Horseshoes were invented to protect horses' feet but are now used for protection, for traction, to improve gaits and to mitigate soundness problems.
Horseshoes were invented about 2,000 years ago when horses were domesticated. The work the horses were doing wore off more horn than the horses' feet were growing. (The horn is the outer covering of the hoof, similar to human fingernails.) The shoes were added to prevent as much wear as possible.
Horseshoes are still used to protect a horse's feet. Some horses have strong enough feet to go without them, but horses ridden on hard, rocky or very soft and wet ground usually need them. Also, some horses have naturally weak feet.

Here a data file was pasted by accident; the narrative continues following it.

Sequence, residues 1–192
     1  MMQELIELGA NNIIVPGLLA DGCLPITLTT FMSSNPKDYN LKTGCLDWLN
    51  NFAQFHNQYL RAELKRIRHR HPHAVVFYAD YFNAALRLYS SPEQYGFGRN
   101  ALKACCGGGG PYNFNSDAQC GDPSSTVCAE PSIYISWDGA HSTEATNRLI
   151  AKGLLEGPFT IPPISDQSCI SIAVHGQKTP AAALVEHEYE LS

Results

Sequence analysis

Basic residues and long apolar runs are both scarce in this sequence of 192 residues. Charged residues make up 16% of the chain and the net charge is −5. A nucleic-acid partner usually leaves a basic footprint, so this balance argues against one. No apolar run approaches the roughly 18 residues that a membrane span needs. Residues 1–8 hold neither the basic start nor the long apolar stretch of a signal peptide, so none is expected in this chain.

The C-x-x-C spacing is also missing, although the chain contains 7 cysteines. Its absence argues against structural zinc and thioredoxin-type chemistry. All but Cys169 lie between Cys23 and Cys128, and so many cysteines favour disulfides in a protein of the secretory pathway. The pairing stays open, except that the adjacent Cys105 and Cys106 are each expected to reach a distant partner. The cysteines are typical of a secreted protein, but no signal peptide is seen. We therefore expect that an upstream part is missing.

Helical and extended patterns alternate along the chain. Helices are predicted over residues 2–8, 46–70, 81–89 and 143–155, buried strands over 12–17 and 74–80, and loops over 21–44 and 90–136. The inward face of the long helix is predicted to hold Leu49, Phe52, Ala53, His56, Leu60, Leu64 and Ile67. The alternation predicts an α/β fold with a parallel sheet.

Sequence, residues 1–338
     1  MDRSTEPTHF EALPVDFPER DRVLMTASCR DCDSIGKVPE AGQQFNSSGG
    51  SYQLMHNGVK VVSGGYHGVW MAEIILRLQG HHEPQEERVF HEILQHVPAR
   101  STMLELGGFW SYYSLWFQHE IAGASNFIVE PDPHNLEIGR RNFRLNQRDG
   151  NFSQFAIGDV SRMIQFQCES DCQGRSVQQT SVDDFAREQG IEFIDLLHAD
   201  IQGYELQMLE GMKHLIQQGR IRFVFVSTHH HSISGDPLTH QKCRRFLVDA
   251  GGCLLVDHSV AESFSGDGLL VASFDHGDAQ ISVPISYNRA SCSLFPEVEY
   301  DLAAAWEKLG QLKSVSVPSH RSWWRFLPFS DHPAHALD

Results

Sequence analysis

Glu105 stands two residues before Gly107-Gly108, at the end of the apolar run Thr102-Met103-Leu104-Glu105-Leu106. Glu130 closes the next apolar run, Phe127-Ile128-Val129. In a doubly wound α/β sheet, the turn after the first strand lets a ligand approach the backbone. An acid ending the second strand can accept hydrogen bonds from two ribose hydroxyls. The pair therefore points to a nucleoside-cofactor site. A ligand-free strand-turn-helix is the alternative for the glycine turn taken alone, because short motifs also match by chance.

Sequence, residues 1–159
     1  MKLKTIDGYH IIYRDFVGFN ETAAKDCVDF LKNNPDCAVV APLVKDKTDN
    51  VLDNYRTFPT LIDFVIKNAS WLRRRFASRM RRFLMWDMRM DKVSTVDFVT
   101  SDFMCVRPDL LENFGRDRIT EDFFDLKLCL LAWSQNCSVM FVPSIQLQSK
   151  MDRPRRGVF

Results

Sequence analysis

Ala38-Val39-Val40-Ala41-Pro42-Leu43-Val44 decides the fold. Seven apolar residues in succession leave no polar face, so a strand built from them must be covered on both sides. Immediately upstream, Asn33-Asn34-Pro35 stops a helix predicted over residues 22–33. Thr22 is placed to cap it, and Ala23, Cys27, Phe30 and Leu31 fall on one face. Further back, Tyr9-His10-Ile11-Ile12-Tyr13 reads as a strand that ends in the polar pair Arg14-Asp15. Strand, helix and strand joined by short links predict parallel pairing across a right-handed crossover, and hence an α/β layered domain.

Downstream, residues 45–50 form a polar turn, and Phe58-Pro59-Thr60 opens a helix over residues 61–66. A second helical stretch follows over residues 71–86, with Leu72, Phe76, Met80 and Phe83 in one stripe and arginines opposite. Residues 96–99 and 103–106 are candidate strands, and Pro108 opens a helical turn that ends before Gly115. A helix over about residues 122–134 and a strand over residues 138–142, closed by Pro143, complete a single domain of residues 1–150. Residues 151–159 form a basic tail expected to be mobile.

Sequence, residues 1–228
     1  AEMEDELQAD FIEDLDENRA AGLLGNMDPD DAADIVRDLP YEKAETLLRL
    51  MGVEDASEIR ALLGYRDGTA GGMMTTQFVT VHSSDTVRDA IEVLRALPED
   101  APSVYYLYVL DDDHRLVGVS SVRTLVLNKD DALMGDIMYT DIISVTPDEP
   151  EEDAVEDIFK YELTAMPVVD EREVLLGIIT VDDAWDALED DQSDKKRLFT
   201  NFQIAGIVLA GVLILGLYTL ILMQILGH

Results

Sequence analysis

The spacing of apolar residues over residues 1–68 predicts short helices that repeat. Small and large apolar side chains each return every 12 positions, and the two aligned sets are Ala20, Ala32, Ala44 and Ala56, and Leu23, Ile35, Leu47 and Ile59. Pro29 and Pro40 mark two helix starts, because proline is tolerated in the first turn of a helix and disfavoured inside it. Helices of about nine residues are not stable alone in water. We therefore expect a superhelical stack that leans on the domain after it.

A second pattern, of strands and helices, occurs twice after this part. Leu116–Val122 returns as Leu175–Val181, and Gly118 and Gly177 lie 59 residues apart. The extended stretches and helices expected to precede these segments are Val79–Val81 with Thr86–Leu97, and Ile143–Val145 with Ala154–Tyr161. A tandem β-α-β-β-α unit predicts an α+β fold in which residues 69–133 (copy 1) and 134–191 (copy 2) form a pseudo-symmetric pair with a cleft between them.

Even horses with good hooves may wear shoes if more traction is needed for the ground where they typically are ridden. For some disciplines, such as eventing and racing, horses may need more traction in wet or deep conditions.
Shoes can be used to improve a horse's gaits. This can be used for competitions and to correct gait abnormalities in horses with conformation faults.
Horses that have suffered soundness problems, such as laminitis, navicular and long-toe/low-heel disease may need shoes in order to be comfortable. Shoes may be used to correct the shape of the horse's foot, if necessary.